Figure 3. AR integrates androgen signaling and extracellular information by regulating gene expression. Signaling pathways initiated by extracellular molecules culminate in the post-translational modification of AR. Active AR translocates to nucleus, binds to chromatine, recruits transcription co-factors and interacts with the basal transcription machinery to regulate gene expression in response to androgen signaling and growth factors/neurotrophin-activated signal transduction pathways.

What is the molecular relationship between AR structure/function and disease?
Mutations in the AR gene can cause clinically distinct types of disease (Figure 1). Prostate Cancer (PC) is a fatal disease and the second leading cause of death in USA and Europe. Spinal and Bulbar Muscular Atrophy (SBMA) is a rare neuromuscular disease linked to expansions of the trinucleotide tandem repeat CAG encoding a polyglutamine (polyQ) tract in the first exon of the AR gene. While the final steps of PC and SBMA are different and diverge in their end-state, culminating in cell proliferation and cell death, respectively, these two diseases interestingly share several features. The primary events of both PC and SBMA are indeed strikingly androgen-dependent. Moreover, these disorders are age-related, with most of cases manifesting after the fourth/fifth decade of life. We have previously shown that phosphorylation of polyQ-AR by Akt blocks androgen binding and that this phosphorylation is regulated by the protein arginine methyltransferase 6 (PRMT6). We are currently investigating the role of other PTMs in health and disease.

What is the mechanism through which AR integrates androgen signaling with extracellular signaling and cell metabolism?
AR is the main effector of androgen signaling. AR is a transcription factor activated by androgens (Figure 2). Androgen binding results in nuclear translocation and binding to DNA at the level of androgen-responsive elements. AR recruits transcription co-factors to regulate (activate and repress) the expression of androgen-responsive genes. AR integrates the androgen signaling with that of extracellular signaling pathways initiated by binding of specific ligands to their receptors. AR is indeed highly phosphorylated, and phosphorylation by kinases, such as PKA and Akt, modifies AR stability, function and toxicity. In light of these results, we are now investigating the molecular logics of changes in gene expression resulting from activation of AR by androgens and growth factors and neurotrophin signaling. Moreover, we are investigating how cell metabolism affects AR function.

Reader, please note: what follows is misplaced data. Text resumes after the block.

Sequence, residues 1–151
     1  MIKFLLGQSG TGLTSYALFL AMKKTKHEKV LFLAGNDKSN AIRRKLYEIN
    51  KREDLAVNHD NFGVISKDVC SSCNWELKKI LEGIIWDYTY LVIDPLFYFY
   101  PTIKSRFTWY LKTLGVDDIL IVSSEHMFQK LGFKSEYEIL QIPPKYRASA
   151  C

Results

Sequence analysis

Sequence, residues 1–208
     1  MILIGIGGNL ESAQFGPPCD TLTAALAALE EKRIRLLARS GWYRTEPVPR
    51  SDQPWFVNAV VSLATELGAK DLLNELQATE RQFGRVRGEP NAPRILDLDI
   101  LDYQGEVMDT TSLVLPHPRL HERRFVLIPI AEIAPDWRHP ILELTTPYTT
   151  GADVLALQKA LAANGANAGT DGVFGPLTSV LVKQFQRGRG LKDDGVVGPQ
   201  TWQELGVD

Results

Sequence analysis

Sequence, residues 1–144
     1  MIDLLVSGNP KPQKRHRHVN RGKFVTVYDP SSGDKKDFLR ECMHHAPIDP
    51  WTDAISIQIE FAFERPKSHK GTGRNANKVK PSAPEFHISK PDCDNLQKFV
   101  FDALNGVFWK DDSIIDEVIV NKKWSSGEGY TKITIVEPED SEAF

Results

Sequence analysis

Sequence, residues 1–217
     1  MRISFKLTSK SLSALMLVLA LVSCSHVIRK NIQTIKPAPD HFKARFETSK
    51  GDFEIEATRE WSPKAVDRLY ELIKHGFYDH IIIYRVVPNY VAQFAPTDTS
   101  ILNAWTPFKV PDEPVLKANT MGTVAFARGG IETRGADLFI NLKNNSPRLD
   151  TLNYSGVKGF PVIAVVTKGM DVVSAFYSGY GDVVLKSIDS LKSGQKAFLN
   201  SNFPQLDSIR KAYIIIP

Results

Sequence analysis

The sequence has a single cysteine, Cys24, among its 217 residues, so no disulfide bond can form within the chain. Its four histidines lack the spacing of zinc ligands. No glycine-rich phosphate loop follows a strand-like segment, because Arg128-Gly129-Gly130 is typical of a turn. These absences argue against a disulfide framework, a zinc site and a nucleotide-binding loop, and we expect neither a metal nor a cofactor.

What is the pathophysiological role of AR in neurons and peripheral tissues?
AR is expressed in all tissues, with particularly high expression levels in skeletal and cardiac muscle, liver, adrenal glands, and testis. Moreover, AR is expressed in neurons, and within the central nervous system it is expressed at high levels in motor neurons. AR integrates androgen signaling and inputs from extracellular pathways to drive gene expression in a tissue- and time-specific manner (Figure 3). Alpha motor neurons (αMN) selectively degenerate in neuromuscular diseases, including amyotrophic lateral sclerosis (ALS), and SBMA. Distinct classes of αMNs (slow-fatigue resistant SFR-MNs, fast-fatigue resistant FFR-MNs, and fast-fatiguable FF-MNs) degenerate at different rate, with the FF-MNs degenerating first in aging and age-related diseases. The molecular mechanisms underlying this selective vulnerability of FF-MNs are poorly known. Building on our expertise in studying the molecular development of distinct neuronal classes, and leveraging on new technologies that we pioneer to purify and molecularly profile human and mouse MNs, we will identify the molecular landscapes of MNs in physiological and pathological conditions, informing on the logics that shape the selective susceptibility of αMNs to motor neuron disorder. Concerning peripheral tissues, IGF-1 overexpression selectively in the skeletal muscles of SBMA mice leads to increased polyQ-AR phosphorylation and reduced motor dysfunction, improved muscle and spinal cord pathology, and extended lifespan. These results provide proof-of-principle that intervention in muscle has remarkable effects on disease manifestations and indicate that muscle is a primary target of mutant AR toxicity. The molecular details of the role of AR in neurons and peripheral tissues remain to be elucidated.

Emanuela Zuccaro Senior post-doc fellow ema.zuccaro@gmail.com
Diana Piol Post-doc fellow diana.piol28@gmail.com